Esports has transcended the stigma of being viewed as just “watching people play video games,” and companies are taking notice of the numerous branding and sponsorship opportunities. But where did it all begin?
The trail goes back further than you might think. Newsweek looks at Blizzard, a game developer based in Orange County, CA. The start of Blizzard in the early 1990s coincided with the influx of high-speed broadband in South Korea, as the government there invested heavily in telecom.
Internet cafes open 24/7—called “PC Bangs”—popped up all over the country, becoming hubs for gamers, many who religiously played Blizzard’s StarCraft. Top players became celebs and half of the copies of StarCraft purchased—more than 4.5 million—were sold in South Korea.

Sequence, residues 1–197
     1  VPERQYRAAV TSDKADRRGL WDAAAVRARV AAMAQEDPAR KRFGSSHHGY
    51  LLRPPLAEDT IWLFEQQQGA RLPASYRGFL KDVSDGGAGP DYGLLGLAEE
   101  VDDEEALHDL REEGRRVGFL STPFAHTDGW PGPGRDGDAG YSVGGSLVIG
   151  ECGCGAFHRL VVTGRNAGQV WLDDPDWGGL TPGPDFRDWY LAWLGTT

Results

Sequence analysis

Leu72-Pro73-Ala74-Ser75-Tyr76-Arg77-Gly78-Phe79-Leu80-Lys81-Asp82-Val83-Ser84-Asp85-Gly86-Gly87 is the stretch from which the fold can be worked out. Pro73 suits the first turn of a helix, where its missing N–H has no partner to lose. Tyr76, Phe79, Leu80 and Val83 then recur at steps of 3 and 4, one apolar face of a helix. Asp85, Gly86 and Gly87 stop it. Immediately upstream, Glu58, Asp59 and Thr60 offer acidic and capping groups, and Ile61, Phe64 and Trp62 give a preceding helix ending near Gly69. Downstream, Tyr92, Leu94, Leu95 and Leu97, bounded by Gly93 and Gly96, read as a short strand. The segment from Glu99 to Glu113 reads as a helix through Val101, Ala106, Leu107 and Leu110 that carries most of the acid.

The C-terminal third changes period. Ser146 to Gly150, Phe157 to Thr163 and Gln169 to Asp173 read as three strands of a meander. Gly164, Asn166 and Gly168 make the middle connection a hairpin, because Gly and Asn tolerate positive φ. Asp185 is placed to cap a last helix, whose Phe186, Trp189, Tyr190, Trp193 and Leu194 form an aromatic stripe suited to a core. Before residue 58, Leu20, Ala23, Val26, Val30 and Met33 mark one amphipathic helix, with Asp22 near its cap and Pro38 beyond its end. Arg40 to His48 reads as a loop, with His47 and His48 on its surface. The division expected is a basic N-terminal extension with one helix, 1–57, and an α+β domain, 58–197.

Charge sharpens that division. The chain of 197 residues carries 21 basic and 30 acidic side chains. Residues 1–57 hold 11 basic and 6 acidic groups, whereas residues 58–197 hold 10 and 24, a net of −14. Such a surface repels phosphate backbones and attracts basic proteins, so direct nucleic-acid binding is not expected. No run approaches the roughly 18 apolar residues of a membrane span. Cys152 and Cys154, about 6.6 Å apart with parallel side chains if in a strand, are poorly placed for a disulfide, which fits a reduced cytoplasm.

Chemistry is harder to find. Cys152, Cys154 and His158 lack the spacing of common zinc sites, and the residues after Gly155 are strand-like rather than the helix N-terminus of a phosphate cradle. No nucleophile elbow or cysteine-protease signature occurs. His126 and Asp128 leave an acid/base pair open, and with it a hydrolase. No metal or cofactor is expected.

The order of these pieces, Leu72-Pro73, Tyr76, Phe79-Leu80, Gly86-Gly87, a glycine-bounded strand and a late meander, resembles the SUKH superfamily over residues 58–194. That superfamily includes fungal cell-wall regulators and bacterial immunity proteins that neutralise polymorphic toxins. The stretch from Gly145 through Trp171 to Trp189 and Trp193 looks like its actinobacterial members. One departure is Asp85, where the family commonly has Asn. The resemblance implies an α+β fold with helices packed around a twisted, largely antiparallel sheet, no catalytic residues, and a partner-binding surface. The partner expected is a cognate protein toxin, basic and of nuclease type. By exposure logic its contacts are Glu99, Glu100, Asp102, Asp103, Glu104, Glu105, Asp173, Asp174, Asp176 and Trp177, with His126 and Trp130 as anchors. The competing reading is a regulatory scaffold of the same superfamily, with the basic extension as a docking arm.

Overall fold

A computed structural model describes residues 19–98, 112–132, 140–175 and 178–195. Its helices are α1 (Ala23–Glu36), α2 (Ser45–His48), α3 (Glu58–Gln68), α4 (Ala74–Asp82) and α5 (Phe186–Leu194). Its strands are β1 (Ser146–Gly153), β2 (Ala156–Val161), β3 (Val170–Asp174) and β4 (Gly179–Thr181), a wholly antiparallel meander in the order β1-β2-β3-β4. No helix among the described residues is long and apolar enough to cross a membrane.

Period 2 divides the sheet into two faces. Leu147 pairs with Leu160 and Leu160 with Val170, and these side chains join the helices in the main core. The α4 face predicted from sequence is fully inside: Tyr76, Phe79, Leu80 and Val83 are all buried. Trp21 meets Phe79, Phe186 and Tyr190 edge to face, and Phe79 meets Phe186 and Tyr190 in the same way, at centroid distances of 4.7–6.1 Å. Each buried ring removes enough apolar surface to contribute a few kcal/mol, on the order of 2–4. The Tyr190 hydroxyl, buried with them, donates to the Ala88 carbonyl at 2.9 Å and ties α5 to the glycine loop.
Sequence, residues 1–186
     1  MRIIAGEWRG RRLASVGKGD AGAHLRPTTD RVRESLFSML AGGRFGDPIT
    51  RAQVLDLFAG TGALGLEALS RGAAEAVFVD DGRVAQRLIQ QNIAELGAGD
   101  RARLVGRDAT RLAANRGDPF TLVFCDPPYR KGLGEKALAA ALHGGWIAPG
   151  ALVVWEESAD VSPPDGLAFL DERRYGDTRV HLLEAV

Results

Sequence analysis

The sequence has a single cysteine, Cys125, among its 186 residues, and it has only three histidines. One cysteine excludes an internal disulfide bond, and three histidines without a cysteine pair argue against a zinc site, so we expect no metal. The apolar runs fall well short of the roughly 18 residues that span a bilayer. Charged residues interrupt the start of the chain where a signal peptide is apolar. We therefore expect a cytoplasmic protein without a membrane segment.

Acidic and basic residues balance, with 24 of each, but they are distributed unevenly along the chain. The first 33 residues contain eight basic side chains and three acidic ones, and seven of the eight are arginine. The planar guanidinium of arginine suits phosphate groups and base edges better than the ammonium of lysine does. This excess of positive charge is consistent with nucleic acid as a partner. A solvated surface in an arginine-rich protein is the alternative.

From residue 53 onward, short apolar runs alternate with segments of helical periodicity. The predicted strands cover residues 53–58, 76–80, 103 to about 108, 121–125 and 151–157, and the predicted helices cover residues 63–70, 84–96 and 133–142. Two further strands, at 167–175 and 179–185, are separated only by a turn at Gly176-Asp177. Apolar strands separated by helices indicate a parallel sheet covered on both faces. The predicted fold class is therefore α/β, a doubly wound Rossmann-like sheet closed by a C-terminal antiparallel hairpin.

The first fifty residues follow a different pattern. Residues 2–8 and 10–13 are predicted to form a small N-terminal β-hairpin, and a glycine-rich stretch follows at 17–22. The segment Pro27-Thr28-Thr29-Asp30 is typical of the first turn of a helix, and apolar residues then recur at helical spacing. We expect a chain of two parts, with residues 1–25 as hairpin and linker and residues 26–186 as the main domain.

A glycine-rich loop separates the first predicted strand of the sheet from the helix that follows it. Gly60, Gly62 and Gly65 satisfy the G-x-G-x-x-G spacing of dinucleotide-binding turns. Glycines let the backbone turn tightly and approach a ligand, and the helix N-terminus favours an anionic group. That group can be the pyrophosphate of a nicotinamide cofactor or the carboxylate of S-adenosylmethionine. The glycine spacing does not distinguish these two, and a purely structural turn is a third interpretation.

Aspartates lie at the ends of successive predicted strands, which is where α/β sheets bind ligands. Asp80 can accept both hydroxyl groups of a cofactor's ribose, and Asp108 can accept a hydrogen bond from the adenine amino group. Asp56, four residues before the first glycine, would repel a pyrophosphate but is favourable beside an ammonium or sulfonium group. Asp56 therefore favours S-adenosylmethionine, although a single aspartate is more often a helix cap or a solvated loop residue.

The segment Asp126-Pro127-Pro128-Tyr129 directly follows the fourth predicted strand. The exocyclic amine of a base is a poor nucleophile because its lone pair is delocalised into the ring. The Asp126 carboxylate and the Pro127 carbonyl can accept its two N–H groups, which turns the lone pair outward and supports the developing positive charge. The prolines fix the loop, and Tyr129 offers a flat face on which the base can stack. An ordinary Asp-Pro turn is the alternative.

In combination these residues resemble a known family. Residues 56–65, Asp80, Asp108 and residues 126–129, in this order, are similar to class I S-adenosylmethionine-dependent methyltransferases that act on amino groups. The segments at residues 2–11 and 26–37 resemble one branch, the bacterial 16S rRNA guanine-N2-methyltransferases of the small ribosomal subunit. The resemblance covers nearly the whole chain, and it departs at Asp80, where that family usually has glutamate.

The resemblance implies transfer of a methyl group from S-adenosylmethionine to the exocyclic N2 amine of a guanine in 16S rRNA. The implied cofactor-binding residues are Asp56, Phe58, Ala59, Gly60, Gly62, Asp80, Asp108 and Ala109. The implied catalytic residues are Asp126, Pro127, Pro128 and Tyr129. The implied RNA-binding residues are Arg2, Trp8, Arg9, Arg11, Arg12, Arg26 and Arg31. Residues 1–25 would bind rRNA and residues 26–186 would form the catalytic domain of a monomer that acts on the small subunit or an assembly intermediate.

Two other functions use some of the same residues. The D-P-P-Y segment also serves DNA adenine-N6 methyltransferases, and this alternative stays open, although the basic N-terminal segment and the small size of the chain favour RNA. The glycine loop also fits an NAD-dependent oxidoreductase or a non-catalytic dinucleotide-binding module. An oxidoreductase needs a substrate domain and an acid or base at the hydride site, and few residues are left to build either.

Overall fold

Today, of course, the stakes are much bigger. Last month, the finals in a major tournament for another Blizzard game, Overwatch, sold out the Barclays Center and were shown on ESPN and Disney XD.
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Jon Spector, director of franchises and competition with the Overwatch League, told TheNextWeb.com that the power of esports is now becoming on par with established organizations such as Major League Baseball.
“There’s more than 40 million people around the world who play Overwatch, and there’s just north of 100 — I think 120 players who have made it to the top of the world to compete in Overwatch League,” Spector said. “You’ve got the same ingredients you have with any sport. I grew up playing Little League baseball and wanting to be Derek Jeter. I think you’ve got the same sort of phenomenon now where millions of people who love Overwatch and want to see who’s the best in the world and learn from them aspire to that.”
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